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Google Gets Into Activity Tracking

Posted on January 18, 2013 I Written By

John Lynn is the Founder of the HealthcareScene.com blog network which currently consists of 10 blogs containing over 8000 articles with John having written over 4000 of the articles himself. These EMR and Healthcare IT related articles have been viewed over 16 million times. John also manages Healthcare IT Central and Healthcare IT Today, the leading career Health IT job board and blog. John is co-founder of InfluentialNetworks.com and Physia.com. John is highly involved in social media, and in addition to his blogs can also be found on Twitter: @techguy and @ehrandhit and LinkedIn.

Fierce Mobile Healthcare has a great article up talking about Google entering the activity tracking market with an Android app called Google Now. Turns out that Google Now is a lot more than just a fitness activity tracker. I think that Google looks at Google Now as the smart part of your phone that keeps track of what you’re doing and tries to provide real time information based upon all the data about you. It’s the next level Siri if you want to think about it that way. So, it makes sense that Google Now would also try and understand your health in the process.

While it’s interesting to see Google get back into the Health game after the failure of Google Health to get any traction, I think this is a really smart move. Plus, why isn’t the smartphone your activity tracking device? I know very few people who leave their house without their smartphone, but I know very few people who want to wear any other device all day every day.

Sure, your smartphone won’t track your activity level perfectly, but it can get pretty close. The battery won’t last as long as the other activity trackers along with other issues. However, when you look a the core technology in the fitness trackers and your smartphone, they are pretty close. I’ll reach out to some of my mHealth device friends to get their thoughts on the difference. Maybe there are a number of other issues I’m not thinking about.

We’ll see how this evolves, but the more we can make mHealth activity tracking a normal part of people’s routine, the more likely we’ll see results from it.

EHR Benefit – Transcription Costs Savings

Posted on I Written By

John Lynn is the Founder of the HealthcareScene.com blog network which currently consists of 10 blogs containing over 8000 articles with John having written over 4000 of the articles himself. These EMR and Healthcare IT related articles have been viewed over 16 million times. John also manages Healthcare IT Central and Healthcare IT Today, the leading career Health IT job board and blog. John is co-founder of InfluentialNetworks.com and Physia.com. John is highly involved in social media, and in addition to his blogs can also be found on Twitter: @techguy and @ehrandhit and LinkedIn.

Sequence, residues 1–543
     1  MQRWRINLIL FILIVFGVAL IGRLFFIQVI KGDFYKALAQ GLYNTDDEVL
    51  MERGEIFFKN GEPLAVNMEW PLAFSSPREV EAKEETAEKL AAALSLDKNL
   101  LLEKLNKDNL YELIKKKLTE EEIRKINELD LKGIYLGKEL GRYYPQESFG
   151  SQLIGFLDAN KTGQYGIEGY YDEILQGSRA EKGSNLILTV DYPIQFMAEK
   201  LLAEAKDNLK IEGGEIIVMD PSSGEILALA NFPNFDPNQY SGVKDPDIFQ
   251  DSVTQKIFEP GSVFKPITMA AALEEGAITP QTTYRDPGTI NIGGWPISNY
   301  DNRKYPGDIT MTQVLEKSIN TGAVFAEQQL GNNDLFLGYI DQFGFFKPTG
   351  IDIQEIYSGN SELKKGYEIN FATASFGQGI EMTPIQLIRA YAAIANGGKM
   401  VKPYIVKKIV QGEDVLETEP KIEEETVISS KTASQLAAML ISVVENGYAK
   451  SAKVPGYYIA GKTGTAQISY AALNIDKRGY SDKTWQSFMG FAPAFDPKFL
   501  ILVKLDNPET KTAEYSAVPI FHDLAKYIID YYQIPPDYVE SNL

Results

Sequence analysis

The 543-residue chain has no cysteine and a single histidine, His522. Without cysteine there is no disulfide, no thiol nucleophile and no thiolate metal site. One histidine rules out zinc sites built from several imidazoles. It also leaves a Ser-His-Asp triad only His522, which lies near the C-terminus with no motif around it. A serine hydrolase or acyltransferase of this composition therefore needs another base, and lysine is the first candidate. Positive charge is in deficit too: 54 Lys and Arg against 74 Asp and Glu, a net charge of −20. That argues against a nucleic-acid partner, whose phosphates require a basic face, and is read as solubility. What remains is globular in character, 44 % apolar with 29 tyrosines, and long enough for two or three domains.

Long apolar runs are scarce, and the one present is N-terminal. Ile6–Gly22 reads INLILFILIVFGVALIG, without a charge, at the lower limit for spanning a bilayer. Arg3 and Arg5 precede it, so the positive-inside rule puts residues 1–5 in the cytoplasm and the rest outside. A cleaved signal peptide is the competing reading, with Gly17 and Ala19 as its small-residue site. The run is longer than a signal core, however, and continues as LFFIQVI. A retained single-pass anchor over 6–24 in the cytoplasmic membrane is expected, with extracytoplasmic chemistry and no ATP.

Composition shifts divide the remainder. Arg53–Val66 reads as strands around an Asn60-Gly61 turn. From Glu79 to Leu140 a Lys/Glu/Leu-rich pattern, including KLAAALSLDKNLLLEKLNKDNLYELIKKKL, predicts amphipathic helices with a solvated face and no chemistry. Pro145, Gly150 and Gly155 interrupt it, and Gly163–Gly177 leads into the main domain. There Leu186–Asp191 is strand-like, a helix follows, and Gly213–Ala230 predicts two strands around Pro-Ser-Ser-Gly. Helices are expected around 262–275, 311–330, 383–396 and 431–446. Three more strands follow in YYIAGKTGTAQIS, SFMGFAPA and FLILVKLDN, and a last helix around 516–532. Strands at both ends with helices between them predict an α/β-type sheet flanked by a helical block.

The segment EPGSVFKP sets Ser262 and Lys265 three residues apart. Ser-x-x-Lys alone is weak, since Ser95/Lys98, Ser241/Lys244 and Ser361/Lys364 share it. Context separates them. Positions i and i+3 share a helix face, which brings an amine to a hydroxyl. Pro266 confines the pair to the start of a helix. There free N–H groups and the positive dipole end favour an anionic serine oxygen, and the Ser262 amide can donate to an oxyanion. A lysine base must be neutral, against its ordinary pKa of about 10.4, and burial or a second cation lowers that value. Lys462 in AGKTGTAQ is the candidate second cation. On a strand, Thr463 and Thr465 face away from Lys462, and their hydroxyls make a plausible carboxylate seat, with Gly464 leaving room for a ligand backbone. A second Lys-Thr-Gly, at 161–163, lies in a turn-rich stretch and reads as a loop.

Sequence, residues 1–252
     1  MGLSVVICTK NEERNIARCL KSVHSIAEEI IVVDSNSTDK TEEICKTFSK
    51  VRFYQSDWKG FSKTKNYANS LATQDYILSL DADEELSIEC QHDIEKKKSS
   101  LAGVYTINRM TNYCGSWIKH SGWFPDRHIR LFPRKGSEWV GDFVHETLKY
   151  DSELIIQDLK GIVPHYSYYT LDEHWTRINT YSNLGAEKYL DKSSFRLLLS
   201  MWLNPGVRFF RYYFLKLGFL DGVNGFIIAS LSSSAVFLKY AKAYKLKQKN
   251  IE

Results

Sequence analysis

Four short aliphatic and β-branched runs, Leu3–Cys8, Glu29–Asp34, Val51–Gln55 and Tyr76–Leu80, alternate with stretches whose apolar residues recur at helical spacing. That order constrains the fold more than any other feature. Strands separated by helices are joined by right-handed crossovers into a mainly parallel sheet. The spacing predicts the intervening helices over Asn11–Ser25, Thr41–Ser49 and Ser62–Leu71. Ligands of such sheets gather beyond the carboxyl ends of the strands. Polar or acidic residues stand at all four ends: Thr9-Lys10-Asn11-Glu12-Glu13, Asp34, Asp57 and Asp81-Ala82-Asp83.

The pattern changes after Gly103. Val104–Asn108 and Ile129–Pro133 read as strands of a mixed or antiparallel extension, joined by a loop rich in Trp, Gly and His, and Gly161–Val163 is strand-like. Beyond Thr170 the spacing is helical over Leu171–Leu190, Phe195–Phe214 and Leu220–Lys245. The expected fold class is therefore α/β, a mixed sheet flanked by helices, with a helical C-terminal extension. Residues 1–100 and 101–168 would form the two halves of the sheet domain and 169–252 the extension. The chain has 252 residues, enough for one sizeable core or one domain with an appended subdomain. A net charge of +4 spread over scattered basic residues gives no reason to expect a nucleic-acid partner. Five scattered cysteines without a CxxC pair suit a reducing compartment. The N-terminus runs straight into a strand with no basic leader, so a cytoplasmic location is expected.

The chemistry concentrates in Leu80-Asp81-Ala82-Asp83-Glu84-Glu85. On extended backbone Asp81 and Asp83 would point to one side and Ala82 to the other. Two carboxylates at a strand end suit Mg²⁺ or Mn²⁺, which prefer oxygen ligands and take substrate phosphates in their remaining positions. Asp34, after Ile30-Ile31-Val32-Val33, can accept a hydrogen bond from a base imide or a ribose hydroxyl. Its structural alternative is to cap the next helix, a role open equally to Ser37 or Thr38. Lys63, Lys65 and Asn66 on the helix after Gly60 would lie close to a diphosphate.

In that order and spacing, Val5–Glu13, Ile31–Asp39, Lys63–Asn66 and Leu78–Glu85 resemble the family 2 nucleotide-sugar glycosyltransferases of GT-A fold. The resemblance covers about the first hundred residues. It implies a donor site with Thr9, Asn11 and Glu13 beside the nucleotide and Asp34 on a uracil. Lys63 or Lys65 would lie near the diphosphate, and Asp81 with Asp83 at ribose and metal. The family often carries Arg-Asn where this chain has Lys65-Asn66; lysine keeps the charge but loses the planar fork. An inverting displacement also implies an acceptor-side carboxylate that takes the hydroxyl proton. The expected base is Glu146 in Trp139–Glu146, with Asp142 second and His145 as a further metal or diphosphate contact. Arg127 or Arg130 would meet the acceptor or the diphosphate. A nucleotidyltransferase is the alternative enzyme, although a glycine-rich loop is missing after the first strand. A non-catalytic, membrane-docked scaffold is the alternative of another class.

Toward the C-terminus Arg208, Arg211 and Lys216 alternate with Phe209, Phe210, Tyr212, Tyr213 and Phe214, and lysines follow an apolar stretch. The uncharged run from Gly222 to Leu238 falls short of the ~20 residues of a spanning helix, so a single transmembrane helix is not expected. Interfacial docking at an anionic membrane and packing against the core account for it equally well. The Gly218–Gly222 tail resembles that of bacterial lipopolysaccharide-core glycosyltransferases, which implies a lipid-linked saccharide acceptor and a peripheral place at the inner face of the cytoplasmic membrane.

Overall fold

It’s time for the next installment in my series of posts looking at the long list of EHR benefits.

Transcription Costs Savings
When I first writing about EMR (yes, it was only called EMR at the time), this was probably the biggest reason that doctors gave for implementing an EMR in their office. Doctors looked at their transcription costs and saw EMR as a great way to replace those transcription costs. Or at least the doctors could use the transcription cost savings to pay for the EMR.

This has proven true for many doctors and no doubt was the financial mechanism that many practices used to go electronic. In fact, I always wondered if the transcription world was on a final death march thanks to EMR. My view of transcription has greatly evolved over the years. In fact, I think we’re seeing a resurgence of transcription in healthcare.

The reason for the renewed interest in transcription is because a large number of providers that start using EHR are tired and overwhelmed by the “number of clicks” that are required by an EHR. When a doctor reaches this point, there immediate reaction is “EMR is so much slower than transcription” or the related “I miss my transcription.”

I always found EMRs that facilitated transcription a little odd, but considering the above trend they might be well positioned to capitalize on those doctors who want to use transcription with their EHR. Plus, the transcription industry is shifting as well. They’re moving quickly away from just being simple transcriptionists to embracing coding and other ways to assist in the clinical documentation process. Considering the complexity of ICD-10, this might be an interesting opportunity.

What does seem clear is that doctors will be more and more interested in ways to streamline the EMR documentation process. I won’t be surprised if many doctors choose transcription as a way to accomplish this goal. Although, I’m not sure this will be the case with new doctors. Transcription has its own learning curve and I don’t see many new doctors who don’t have transcription experience going that direction.

In the end, it’s hard to really say whether transcription cost savings is an EHR benefit. In many cases it could be. Certainly the shrinking transcription industry would agree that many doctors are saving money on their transcription costs. Although, it depends on the clinic and whether they cut out their transcription when they implement their EHR. While we might see some return to transcription, I expect that long term the transcription industry will need to evolve or die as most next generation doctors won’t even consider the idea of transcription.